Come join me as we take a short journey through the geographical facts of India. Let’s together discover some of the amazing wonders of this incredible country that has beguiled and awed travelers for centuries. It is a land of huge cities, vast open plains, stunning coastlines, huge rivers, mangrove forests and imposing mountains, but just what are the key geographical facts of India? Read on.
This first of our geographical facts of India takes us to the third highest mountain in the world. With an elevation of 8,586 meters, ‘Kangchenjunga’ is known as The Five Treasure of Snows. It acquired this name from the five peaks which make up the mammoth mountain. Travelers know this mountain well for its fantastic views over Darjeeling hill station from its position on the India/Nepal border.
For followers of the Hindu religion the longest river in India, known as the Ganges, is a sacred body of water. This rushing river crossing 2,510km of India from the western Himalayas to Uttarakhand state cleanses people of their sins. The holy towns of Varanasi, Haridwar, and Allahabad are three places where Hindus from all over the world flock to attain salvation. Scientific studies on the water have also revealed it retains oxygen extremely well, which is where many of its health benefits come from.
Niagara Falls isn’t the only spectacular waterfall in the world. Chitrakot can challenge it in terms of size. Based just 28km to the west of the city of Jagdalpur, this horse-shoe shaped waterfall tumbles into a cavern 100 feet below. It’s over 1,000 feet wide during the monsoon season between July and October, so it’s always worth visiting just to see this unmissable sight.
Some would be shocked at one of the geographical facts of India including a glacier. But Siachen is actually the second-longest glacier in the whole of the world’s non-polar areas. Known as the ‘place of wild roses,’ the glacier is located on the eastern Karakoram range, in the Himalayas. The glacier also serves as a historical site, with it holding the record for being the highest battleground in the world. Interested tourists should visit quickly as it’s receded by 35% in the past twenty years alone due to global warming and military activity.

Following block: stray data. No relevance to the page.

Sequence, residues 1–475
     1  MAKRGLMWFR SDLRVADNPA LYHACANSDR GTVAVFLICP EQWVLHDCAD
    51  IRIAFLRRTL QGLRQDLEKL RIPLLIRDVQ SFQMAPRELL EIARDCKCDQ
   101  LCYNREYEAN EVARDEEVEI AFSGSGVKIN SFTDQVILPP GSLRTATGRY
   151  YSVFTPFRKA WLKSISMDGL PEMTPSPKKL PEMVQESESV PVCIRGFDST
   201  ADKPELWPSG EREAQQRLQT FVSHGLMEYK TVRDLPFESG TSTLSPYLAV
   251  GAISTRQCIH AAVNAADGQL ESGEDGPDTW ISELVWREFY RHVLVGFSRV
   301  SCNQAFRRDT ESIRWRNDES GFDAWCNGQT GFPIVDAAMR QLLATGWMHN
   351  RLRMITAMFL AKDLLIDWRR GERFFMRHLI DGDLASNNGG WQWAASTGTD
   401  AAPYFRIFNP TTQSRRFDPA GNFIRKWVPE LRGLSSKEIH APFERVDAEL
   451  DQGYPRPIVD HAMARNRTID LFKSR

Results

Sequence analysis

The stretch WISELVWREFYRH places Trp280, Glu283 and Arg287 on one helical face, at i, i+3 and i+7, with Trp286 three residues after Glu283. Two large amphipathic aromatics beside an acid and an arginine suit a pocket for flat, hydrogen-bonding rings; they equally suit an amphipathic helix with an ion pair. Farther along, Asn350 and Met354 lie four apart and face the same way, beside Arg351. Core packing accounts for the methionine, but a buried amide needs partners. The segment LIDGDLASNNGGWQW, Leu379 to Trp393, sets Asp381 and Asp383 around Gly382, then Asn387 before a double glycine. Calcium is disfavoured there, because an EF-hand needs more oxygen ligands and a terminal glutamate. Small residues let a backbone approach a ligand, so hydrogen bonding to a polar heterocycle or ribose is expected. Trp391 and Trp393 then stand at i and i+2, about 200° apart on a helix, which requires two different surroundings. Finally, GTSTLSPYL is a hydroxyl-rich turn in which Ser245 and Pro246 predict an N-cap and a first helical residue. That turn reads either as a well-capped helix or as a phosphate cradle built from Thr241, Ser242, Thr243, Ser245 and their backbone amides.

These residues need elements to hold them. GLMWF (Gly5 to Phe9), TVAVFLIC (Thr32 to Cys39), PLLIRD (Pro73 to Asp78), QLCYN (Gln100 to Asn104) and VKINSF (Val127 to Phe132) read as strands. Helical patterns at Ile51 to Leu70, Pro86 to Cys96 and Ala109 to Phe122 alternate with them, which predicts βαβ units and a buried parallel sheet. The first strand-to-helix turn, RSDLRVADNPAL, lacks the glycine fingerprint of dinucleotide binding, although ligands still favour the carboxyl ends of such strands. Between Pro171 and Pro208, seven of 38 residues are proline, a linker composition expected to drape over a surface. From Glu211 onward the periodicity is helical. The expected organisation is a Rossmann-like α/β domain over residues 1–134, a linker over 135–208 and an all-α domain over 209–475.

For the coldest place in India, pay a visit to Drass in the west of Ladakh state. It’s a place for climbers and trekkers looking to enter the Suru Valley in the summer, but in the winter temperatures drop to -45 degrees Celsius. Due to its high altitude of 3230m, any unfortunate wanderers caught out in the cold have a high chance of freezing to death. Just make sure you take a coat! On a side note, this area also holds the honor of being the second coldest place in the world where humans live; narrowly losing out to Siberia.
By a long way, the wettest place in India is Cherrapunji. As well as being one of the most interesting facts of Indian geography, it’s also a world record holder for being the wettest place on earth. It receives a massive 1200cm of rainfall every year. It’s no surprise, though, considering it’s situated in close proximity to places like Shillong, which is in one of the heaviest rain-belts on the planet. Currently, it’s fighting with the nearby village of Mawsynram, which claims it’s actually the wettest place in the world. Scientists do question the validity of its claim, however, due to the lack of any formal meteorological office in the area. Readings are actually in control of the Meghalaya Public Works Department instead.
The longest beach in India, and second longest beach in the world, is Marina Beach. It’s a natural urban beach stretching for 8.1 miles (13km). It’s sandy with short rock formations in some areas, most of the way across its 300m in width. Marine Beach attracts thousands of tourists each year. With Chennai being such an integral part of India’s tourist powerhouse, visitors can find the beach packed with 50,000 people during the summer weekends. Unfortunately, the violent undercurrents in the water means it’s illegal to swim or bathe in the water. Of course, people can still paddle, but go in too far and you’re breaking the law.
It is not often the geographical facts of India that calls to travelers but as you can see, the natural features of the country are as interesting and fascinating as its people and culture. Have you visited any of these amazing geographical features?
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